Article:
The biggest thing I see is major re-wording so that people and companies will shell out hundred$ of thou$and$ of $$$$ (or what ever currency) to consultants and companies to "explain" the changes and to buy the new standard. This is not to mention companies will spend in time/$$$ to "change" what ever is "necessary" to comply with the standard even though the changes likely will be totally unnecessary.

Since I "found" ISO 9001 in 1990 I thought then, and still think, everything in ISO 9001 is basic business common sense. A company should not need a "standard" to tell them to do these basics.
 

TPMB4

Quite Involved in Discussions
#5
And with the complete re-numbering of the standard people will need to re-write their Manual to match!! :D:sarcasm:

<I hope that you know I am joking. When i first started in quality one more experienced person told me one of my jobs was to help re-write the QMS. I was then shown the existing 15 page manual and then the work in progress. It was a complete copy of the standard but expanded to something like 67 pages plus a whole shed load of procedures, WI and other documents. I think it was one copied from the internet and was being tweaked to "suit the company". I still have it and use it for inspiration, as in what not to do.

I do wonder what the sample manuals that will come out of it on the internet will look like though. Will this version of the standard force those people who mimic the standard to think and write something right for them? Can a standard do that in the real world??
 
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drgnrider

Quite Involved in Discussions
#7
Re: Required Documents/Records in 9001:2015

By understanding the context of the organization, stakeholder expectations and considering the risks associated with undocumented, poorly documented and erroneously documented processes, the organization should determine (for themselves) the extent of documentation they would have to generate and control to support their business processes. Unless something changes significantly, ISO 9001:2015 will force organizations to adequate command media and records to it's context. If you are a supplier of highly complex products and deploy highly complex business processes, you should know that you CAN'T run a successful enterprise by uncaptured/non-managed tribal knowledge alone.
@Sidney, No I did not miss that "shall", it is an "if the company feels they need it", (unlike the currently required Quality Manual and five other "shalls"). I do like your explanation above, I have a number of managers I was trying to determine how to inform them, but you summed it up pretty well. :agree1:



It really hasn't changed much other than 9 (or what ever) specific "documented procedures" are not called out as plainly as it the past. The tradeoff as I see it is more requirements for specific records.
@Marc, this is what I was seeing, but was not sure I was reading it right since there were really no "required documents", just a lot more records.

Of course, you can't say what the business "is" without some sort of document, but the 'process procedures' are "only if needed".


Since I "found" ISO 9001 in 1990 I thought then, and still think, everything in ISO 9001 is basic business common sense. A company should not need a "standard" to tell them to do these basics.
Absolutely agree! But then you have those that require that someone else have proof they know how to run a business. It just feeds into the vicious cycle.
Back in 2001, to satisfy 9001:2000, I had to write more than a few procedures; my how-to notes (2-pages) became company standards (10-pages) even though I was the only one doing the process. For almost two weeks we had over 200 high-paid engineers unnecessarily documenting 90% of our processes. :mg:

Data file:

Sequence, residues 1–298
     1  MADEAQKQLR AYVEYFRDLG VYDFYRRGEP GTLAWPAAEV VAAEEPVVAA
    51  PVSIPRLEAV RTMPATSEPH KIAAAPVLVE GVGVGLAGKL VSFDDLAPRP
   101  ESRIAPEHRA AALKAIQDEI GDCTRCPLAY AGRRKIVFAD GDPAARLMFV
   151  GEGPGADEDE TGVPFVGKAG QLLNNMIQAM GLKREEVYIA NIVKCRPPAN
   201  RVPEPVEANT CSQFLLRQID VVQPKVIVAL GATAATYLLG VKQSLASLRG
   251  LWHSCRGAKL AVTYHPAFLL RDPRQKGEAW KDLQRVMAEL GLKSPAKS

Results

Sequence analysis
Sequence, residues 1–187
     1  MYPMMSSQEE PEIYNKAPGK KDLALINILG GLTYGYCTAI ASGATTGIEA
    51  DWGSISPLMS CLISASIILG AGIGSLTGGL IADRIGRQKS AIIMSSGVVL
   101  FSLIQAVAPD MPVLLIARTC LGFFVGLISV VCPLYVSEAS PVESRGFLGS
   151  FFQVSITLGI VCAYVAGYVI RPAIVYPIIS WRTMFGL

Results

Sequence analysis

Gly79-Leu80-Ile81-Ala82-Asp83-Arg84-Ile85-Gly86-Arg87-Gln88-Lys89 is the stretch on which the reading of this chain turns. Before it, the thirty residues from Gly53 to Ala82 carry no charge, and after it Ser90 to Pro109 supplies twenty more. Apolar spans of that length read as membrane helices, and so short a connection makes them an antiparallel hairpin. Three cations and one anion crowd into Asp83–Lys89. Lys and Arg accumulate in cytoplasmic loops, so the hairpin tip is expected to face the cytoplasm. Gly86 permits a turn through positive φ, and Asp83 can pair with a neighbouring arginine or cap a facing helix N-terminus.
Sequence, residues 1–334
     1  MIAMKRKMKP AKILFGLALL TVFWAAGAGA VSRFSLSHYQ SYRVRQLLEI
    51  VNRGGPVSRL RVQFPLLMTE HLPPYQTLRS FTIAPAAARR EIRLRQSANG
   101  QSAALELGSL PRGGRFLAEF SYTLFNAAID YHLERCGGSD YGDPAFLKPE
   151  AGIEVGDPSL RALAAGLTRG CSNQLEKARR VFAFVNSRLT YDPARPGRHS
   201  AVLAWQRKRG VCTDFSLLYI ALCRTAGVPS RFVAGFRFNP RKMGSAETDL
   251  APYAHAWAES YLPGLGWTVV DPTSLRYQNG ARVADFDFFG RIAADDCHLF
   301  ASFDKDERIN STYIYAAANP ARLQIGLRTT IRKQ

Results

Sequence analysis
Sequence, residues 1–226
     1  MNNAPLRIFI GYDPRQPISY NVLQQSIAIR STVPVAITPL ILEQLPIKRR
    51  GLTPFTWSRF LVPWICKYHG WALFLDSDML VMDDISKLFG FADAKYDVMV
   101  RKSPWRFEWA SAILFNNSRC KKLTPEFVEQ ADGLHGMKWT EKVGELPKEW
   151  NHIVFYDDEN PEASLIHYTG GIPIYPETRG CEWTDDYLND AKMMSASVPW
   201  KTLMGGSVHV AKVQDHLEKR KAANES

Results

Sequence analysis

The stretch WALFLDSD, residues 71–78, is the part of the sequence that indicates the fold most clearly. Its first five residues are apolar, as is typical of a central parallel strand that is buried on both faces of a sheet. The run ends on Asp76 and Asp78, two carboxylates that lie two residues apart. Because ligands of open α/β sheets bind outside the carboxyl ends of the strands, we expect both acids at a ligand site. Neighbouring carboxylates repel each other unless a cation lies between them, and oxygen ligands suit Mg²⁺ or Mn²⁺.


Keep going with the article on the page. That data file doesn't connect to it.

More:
:thanks:
 
K
#9
Back when TS16949 made the change from all the required procedures to the 7 - it was an opportunity to change to more process owner and practical oriented "procedures" and system. In other words, we tore the old system down and kept only the part that was needed and relevant.
It sounds like the change to the "new ISO9001-2015" may be an opportunity to do the same. With my recent change, I have inherited a system that is dis-jointed and the majority of the people still look at any ISO as "let's open the box and see what we have to do to meet the requirements". "OK, that's done put it away until it is time again." ISO9001 (and 14001) are not a part of the operating business, they are lines to be checked. So it looks like I may be able to use the new issue to help the culture and mind shift I am working on here.
 

John Broomfield

Staff member
Super Moderator
#10
After reading through CD-ISO-9001, unless I am missing something, these are all that I see that will be required:

what we currently refer to as documents:
- [4.3] Scope & justifications for exclusions (limited to 7.1.4 and 8)
- [5.2] Quality Policy
- [6.2.a-g] Quality Objectives and information

what we currently refer to as records:
- [7.1.4] Evidence of fitness of monitoring & measurement equipment
- [7.2.d] Evidence of employee competence
- [7.5.b] Information determined by the organization as being necessary
- [8.1.c] Information that processes have been completed as planned
- [8.2.3] Basically Order intake & processing)
- [8.4.2] Provider evaluations (ability to provide)
- [8.4.3] (Basically Purchase Order)
- [8.4.3] Provider evaluations (performance)
- [8.6.2] Unique identification for traceability
- [8.6.3] Customer property lost, damaged, or unsuitable
- [8.6.6] Review of change
- [8.7] Evidence of conformity
- [8.7] Person releasing to customer
- [8.8] Nonconforming goods and actions taken
- [9.1.1] Records that monitoring and measurement have been completed
- [9.2.f] Audits were held and results
- [9.3] Results of Management Review
- [10.1.a] Nature of nonconformance's and actions taken
- [10.1.b] Results of Corrective Actions

It appears that as long as everyone knows our processes, we do not need to have anything in writing. I did not see anything that states we need to have processes in writing, although some should be.

Have I missed something? :confused:
drgnrider,

One small point. Rather than "knowing your processes" you need to know your undocumented procedures.

Please compare the definitions of process and procedure.

Briefly, process is the work and procedure is the specified easy to carry out the work.

John